In Gould v. City of Stamford, 331 Conn. 289 (2019), the claimant was a part-time employee of Stamford and the sole member of Intervale, a limited liability company. The claimant created Intervale to do field production work. While working as a park police officer in Stamford, the claimant injured his back and legs. He filed a claim for workers’ compensation based on his earnings from the city and his earnings from Intervale. The city paid its portion of the claim and transferred the claim for concurrent employment to the Second Injury Fund. The fund denied the claim on the grounds there was no employer/employee relationship between the claimant and the LLC.

The commissioner concluded the claimant was not an employee of Intervale, and the board affirmed. The Supreme Court reversed, holding claimant provided services to Intervale and was subject to the hazards of Intervale’s business, and therefore was Intervale’s employee for purposes of the act.

New Milford Teachers’ Union’s Grievance Arbitrable and Arbitrator Did Not Manifestly Disregard the Law

Board of Education of the Town of New Milford v. New Milford Education Association, 331 Conn, 524 (2019), involved a dispute between the New Milford Board of Education and the teachers’ union. Before the 2015-16 school year, the board used shortened school days to provide time for teacher’s professional development within the normal workday. During negotiations for a new collective bargaining agreement, the board notified the union it would eliminate the shortened school days and the work previously done on those days would be done outside of student hours. In essence, the board would extend the day. The parties reached an impasse and the dispute went to a three-member interest arbitration.

Following the arbitration, the New Milford school board eliminated abbreviated school days for the 2015-16 school term. The union contended this improperly extended the teacher workday and filed a grievance. The arbitrator sided with the union, and the board moved to vacate the award. The trial court found for the union, and the board appealed.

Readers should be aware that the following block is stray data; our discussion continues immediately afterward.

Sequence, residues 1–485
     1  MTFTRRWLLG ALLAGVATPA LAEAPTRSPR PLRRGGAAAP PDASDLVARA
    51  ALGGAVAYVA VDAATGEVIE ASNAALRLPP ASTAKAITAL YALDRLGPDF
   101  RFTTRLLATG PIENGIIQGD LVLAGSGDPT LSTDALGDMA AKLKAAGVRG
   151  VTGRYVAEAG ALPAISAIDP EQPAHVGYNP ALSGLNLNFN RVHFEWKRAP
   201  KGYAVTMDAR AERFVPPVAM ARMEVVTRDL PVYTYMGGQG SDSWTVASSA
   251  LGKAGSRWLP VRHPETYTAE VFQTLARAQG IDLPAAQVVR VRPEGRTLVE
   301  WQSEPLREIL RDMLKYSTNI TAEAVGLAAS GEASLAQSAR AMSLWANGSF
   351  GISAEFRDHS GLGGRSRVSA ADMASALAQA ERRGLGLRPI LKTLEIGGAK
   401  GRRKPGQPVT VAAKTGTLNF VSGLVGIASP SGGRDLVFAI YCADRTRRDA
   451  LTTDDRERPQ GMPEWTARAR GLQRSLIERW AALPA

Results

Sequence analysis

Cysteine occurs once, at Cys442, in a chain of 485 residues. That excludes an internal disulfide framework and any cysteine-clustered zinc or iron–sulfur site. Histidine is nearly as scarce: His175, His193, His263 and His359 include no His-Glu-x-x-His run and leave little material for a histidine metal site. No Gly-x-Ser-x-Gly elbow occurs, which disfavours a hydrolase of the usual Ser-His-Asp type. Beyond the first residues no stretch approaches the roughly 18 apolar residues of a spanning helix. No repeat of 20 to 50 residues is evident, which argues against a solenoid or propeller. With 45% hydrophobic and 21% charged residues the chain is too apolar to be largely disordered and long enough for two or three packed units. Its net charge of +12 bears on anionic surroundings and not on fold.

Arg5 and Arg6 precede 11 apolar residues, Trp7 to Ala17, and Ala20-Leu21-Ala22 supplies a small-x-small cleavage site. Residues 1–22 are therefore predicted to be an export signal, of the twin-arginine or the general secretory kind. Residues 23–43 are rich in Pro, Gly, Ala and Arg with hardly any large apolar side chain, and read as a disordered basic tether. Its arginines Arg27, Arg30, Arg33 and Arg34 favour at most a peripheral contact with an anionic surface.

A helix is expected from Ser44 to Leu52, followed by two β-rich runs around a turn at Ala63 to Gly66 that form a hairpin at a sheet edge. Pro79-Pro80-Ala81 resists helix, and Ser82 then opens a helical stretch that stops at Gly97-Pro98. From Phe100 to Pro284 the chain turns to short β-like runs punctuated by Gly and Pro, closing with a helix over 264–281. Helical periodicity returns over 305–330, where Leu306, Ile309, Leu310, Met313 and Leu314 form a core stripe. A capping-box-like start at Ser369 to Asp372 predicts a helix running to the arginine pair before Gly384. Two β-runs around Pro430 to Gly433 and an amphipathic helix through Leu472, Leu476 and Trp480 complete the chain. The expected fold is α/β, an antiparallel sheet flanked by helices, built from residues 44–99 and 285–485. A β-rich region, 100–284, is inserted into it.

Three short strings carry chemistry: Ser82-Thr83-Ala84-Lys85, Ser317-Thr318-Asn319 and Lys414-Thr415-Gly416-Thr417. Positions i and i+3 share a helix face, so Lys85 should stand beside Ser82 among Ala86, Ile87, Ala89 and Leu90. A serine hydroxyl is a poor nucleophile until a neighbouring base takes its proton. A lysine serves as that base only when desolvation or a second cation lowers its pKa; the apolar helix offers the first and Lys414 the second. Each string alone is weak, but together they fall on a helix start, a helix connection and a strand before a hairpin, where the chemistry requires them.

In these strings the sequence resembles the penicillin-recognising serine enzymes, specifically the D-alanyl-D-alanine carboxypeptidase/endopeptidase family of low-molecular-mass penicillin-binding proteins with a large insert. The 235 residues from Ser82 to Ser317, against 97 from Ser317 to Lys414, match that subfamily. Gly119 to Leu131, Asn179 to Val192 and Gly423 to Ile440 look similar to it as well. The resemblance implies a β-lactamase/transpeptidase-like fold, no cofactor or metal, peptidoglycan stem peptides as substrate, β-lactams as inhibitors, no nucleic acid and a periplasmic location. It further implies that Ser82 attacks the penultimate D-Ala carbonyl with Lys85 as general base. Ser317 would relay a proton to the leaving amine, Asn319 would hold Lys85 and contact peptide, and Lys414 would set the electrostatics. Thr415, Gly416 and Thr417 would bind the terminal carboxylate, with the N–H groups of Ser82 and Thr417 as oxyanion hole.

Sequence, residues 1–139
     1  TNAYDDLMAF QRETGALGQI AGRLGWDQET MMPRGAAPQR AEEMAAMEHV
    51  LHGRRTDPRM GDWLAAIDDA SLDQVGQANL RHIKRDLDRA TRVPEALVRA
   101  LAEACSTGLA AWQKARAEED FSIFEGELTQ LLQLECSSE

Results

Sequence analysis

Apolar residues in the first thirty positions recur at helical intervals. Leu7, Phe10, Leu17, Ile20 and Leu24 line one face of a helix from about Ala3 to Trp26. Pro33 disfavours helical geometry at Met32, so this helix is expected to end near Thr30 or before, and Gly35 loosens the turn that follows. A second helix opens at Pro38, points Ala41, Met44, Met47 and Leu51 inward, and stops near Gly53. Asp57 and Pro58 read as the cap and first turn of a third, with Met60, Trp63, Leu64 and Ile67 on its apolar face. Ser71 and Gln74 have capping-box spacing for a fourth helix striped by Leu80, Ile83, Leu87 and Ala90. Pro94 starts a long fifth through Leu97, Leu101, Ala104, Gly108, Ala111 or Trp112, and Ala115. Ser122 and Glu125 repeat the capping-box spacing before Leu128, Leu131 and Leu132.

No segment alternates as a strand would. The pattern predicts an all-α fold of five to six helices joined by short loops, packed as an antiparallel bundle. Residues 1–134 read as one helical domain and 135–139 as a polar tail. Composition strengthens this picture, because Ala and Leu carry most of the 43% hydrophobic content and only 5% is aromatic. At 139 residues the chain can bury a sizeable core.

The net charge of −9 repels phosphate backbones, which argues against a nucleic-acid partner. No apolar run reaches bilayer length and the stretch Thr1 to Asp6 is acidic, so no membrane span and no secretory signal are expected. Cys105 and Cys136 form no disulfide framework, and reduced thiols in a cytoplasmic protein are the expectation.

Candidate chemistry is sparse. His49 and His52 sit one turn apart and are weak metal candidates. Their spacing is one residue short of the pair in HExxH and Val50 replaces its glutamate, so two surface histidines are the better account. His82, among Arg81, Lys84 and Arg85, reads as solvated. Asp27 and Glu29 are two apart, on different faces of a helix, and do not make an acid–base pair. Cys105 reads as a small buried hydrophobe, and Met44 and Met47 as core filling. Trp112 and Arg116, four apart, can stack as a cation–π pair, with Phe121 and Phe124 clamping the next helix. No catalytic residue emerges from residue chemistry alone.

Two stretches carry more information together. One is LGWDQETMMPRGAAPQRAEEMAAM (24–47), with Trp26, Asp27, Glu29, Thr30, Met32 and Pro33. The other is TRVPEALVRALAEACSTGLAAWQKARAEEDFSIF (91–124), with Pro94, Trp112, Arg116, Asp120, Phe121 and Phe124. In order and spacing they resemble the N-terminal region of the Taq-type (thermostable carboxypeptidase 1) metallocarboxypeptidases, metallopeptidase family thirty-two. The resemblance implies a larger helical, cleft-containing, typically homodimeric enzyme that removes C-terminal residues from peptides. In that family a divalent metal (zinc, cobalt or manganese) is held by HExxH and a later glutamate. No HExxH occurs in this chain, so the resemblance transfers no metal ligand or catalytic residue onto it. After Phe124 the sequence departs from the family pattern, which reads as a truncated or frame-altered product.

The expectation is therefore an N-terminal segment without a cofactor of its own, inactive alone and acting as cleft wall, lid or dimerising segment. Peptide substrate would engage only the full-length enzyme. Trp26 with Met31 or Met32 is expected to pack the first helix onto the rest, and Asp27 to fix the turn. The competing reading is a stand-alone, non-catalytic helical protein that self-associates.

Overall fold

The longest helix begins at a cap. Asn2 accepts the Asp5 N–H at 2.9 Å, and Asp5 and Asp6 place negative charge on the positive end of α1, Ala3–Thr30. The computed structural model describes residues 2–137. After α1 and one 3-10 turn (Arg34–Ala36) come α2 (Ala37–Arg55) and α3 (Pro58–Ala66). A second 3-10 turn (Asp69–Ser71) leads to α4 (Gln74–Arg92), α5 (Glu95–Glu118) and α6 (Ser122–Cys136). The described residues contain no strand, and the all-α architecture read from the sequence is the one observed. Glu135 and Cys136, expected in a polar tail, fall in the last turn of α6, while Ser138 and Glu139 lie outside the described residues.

The Supreme Court affirmed the trial court, finding the trial court (1) correctly denied the board’s application to vacate the grievance arbitration award on the grounds that the arbitrator manifestly disregarded the law by concluding that the doctrines of collateral estoppel and res judicata did not apply to bar the union’s grievance; and (2) the trial court properly concluded that the union’s grievance was arbitrable under the terms of the agreement. The board had argued it was not arbitrable because the union failed to identify a violation of a specific provision of the CBA.


All told the 2018-19 term was very quiet for employers. Very few of the cases had broad applicability to employers across industries in Connecticut, which may explain why so few appeals were taken. Litigation is costly and uncertain. Single employers rarely want to bear the burden of litigation.

Therefore, while courts remain an option for employers, it is an option seldom used. As surprising as it may seem, legislative options may be a more likely avenue for the tough issues facing employers. While the 2019-20 term began recently and the docket looks like another quiet year for employers, time will tell the source of the next big development in this area. We will keep you informed.